Did you know that June is “Gay and Lesbian Pride Month”?
It’s official. Bill Clinton has declared it so, just as he did last year.
And, just as he did last year, Clinton held up as courageous heroes those who touched off the homosexual rights movement 30 years ago in what he called the “Stonewall uprising.”
“Since the Stonewall uprising in New York City more than 30 years ago, the gay and lesbian rights movement has united gays and lesbians, their families and friends, and all those committed to justice and equality in a crusade to outlaw discriminatory laws and practices and to protect gays and lesbians from prejudice and persecution,” Clinton said in his statement.
In last year’s proclamation about “Gay and Lesbian Pride Month,” Clinton said: “Thirty years ago this month, at the Stonewall Inn in New York City, a courageous group of citizens resisted harassment and mistreatment, setting in motion a chain of events that would become known as the Stonewall uprising and the birth of the modern gay and lesbian civil rights movement.”
The White House went on to say that homosexuals celebrate the anniversary every June and that in 1999 the National Park Service had added the Stonewall Inn, plus nearby park and neighborhood streets surrounding it to the National Register of Historic Places.
I bet you’re beginning to wonder what this Stonewall Inn is and what the “uprising” there was all about.
Clinton calls it historic. But I wonder if he really understands the history. Here are the actual events of Friday, June 27, 1969, as recorded in the New York Times, other newspapers and the accounts of the most famous homosexual chronicler, Martin Duberman, author of “Stonewall.”
Police raided the Stonewall Inn on Christopher Street in Greenwich Village because of reports the establishment was selling liquor without a license.
As police began loading some patrons into a paddy wagon, a crowd gathered. Bottles, beer cans and garbage cans were hurled at officers. An uprooted parking meter was turned into a makeshift battering ram, blockading some of the police inside the bar and then setting it on fire.
Reinforcements were called out to rescue the police officers trapped inside, but the rioting continued for two hours with a total of 12 arrested. The disturbances continued for four successive nights.
Courageous? Harassment? Mistreatment? Is that how Clinton views this tempest in a teacup? A bar is raided because its liquor license is not in order. That must be the harassment. A few people are arrested. That must be the mistreatment. That touches off rioting and arson. That must be the courage.
The Stonewall riots of 1969 are now being mythologized as something comparable to the Boston Massacre. Hel-loooo. This was a riot outside a bar, folks. Get real. If I were a homosexual political activist – which, thank God, I’m not – I would be embarrassed that the seminal event of my “resistance” movement was a skirmish outside a gay bar. I’d be mortified that the way my colleagues define freedom is the ability to drink alcohol in an unlicensed club. Hey, I’m as much of an anarchist as the next guy, but this is, well, pathetic.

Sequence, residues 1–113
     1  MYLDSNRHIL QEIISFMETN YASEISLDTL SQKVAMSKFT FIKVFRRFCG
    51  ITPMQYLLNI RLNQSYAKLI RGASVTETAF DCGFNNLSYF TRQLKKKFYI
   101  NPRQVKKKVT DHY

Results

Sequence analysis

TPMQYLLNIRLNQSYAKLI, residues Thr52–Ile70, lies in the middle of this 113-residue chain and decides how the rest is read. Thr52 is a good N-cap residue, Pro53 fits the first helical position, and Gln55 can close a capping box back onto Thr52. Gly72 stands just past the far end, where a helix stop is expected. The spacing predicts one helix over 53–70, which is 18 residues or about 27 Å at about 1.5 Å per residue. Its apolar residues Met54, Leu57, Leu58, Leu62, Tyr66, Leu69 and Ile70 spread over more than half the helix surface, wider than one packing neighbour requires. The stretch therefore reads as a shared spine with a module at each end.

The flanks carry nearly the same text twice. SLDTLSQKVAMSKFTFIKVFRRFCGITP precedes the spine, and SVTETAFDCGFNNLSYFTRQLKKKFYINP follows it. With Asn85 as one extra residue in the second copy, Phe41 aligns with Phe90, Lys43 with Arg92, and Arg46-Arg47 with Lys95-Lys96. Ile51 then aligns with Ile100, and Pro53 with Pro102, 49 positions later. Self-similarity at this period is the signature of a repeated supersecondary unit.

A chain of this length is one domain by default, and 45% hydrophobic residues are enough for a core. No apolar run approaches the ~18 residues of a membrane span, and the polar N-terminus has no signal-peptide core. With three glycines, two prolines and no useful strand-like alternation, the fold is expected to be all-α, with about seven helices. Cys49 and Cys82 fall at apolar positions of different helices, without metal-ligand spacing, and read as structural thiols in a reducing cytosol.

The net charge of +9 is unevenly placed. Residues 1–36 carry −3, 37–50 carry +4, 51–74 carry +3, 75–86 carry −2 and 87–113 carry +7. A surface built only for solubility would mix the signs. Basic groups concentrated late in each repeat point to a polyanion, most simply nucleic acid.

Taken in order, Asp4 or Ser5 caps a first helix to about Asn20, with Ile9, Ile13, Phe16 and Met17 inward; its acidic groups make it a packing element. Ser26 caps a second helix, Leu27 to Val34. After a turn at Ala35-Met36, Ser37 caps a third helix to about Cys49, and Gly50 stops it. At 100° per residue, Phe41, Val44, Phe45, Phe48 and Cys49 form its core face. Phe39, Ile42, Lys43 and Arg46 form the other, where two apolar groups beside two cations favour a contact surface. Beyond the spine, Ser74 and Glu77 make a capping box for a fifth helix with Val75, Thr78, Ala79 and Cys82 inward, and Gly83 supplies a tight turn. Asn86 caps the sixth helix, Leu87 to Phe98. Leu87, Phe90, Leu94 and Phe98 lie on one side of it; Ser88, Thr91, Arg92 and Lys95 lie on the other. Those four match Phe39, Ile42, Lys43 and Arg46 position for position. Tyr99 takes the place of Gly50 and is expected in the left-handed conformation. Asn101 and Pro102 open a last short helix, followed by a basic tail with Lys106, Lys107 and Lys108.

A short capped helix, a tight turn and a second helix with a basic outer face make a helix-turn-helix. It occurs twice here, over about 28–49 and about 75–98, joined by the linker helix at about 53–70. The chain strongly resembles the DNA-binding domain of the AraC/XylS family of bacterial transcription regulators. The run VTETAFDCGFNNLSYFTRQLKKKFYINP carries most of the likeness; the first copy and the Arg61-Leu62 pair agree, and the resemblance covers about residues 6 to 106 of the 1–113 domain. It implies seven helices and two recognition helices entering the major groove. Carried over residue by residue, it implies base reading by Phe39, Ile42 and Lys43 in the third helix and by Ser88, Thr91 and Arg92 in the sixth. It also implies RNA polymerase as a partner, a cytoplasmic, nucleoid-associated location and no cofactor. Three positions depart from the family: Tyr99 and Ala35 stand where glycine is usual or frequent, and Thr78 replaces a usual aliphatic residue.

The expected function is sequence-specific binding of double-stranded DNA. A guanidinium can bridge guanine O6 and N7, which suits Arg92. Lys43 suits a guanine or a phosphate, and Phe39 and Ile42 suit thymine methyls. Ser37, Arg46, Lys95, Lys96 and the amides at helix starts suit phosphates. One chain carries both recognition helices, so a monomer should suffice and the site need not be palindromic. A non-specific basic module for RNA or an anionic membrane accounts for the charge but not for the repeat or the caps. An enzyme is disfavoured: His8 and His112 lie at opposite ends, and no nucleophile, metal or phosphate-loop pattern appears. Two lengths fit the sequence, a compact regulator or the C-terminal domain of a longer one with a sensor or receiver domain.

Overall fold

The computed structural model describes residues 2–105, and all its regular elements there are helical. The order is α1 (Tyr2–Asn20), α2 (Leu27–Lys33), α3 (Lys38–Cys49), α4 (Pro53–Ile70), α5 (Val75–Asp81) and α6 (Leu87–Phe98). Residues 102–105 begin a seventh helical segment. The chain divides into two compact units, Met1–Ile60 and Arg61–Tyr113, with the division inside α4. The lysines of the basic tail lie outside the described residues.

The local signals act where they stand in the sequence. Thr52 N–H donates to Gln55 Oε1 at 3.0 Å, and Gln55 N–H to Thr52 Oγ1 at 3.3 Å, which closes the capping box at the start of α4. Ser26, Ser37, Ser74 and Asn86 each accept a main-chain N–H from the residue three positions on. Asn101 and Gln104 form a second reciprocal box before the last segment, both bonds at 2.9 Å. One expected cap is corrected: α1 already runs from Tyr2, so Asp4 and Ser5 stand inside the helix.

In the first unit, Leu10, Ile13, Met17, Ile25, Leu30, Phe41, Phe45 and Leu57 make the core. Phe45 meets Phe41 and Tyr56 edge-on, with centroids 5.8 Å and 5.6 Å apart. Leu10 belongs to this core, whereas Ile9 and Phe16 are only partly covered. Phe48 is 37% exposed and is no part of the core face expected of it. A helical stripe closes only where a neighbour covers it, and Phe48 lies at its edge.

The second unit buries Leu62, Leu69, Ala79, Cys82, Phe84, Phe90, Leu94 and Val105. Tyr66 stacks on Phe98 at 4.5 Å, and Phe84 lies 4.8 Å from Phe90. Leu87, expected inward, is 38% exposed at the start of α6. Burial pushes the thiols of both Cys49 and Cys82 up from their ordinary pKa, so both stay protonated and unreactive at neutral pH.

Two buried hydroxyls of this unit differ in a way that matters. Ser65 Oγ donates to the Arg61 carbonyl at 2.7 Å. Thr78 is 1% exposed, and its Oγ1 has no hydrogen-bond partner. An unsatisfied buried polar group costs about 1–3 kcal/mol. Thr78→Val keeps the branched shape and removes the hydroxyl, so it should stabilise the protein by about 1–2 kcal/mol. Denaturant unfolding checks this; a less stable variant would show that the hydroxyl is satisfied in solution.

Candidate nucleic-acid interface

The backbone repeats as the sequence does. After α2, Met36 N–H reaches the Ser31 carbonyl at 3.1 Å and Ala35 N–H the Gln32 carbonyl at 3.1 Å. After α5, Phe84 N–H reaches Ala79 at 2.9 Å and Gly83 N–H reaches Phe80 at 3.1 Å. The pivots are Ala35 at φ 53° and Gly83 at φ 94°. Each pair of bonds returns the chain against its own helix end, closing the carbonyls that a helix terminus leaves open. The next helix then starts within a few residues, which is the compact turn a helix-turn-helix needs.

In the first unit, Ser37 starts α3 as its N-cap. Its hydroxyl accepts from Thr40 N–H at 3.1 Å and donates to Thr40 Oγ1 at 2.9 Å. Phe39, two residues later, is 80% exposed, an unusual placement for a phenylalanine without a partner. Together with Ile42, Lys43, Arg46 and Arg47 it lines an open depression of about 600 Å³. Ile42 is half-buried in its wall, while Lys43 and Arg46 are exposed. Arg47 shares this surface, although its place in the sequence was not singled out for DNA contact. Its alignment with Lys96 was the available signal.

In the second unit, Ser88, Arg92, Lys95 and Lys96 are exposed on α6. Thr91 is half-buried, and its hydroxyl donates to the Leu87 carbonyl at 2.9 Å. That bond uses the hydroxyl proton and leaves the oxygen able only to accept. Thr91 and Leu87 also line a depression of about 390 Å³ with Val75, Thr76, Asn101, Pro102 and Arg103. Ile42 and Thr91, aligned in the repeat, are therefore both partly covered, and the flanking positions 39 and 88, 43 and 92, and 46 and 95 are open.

But the most unbelievable part of it is that the president of the United States buys into the whole lie – or at least pretends to because it’s the politically expedient thing to do these days.
Does Clinton suggest to young people today that it is appropriate behavior – even “courageous” – to riot outside bars because of police actions? How would Clinton like it if we rioted the next time some of his hooded and jackbooted BATF goons swooped in on some innocent victim? Or maybe the next time the machine gun toting INS agents kidnapped a little boy from his home? Is he advocating violent civil disobedience? It would seem so, if Stonewall is now deemed a heroic action. It’s a strange position for a president of the United States. But then, again, this is no ordinary president.
Imagine, folks. June is Gay and Lesbian Pride Month by official proclamation of the president of the United States. Your tax dollars are being used to enshrine the Stonewall Inn bar in Greenwich Village and surrounding streets and parks as a historical monument to the pointless mayhem that took place there for four nights in 1969.
In making his sick proclamation last year, Clinton stated: “America’s diversity is our greatest strength.”
No it’s not, Mr. President. I’m so sick of hearing that cliché. There’s absolutely no truth in it, yet people like Clinton believe if they say something enough times people will just start believing it.
What is America’s greatest strength? America’s greatest strength has always been its freedom. Remember that word? They have diversity in the Balkans. And Bill Clinton has, quite intolerantly, seen fit to bomb them over their multicultural differences of opinion. Is that what we’re shooting for in America now? I think not.
Let’s remember what’s held us together in America. Let’s never forget what made us great as a nation. It’s not diversity; it’s liberty. Get a grip, friends. Stonewall is not Lexington and Concord.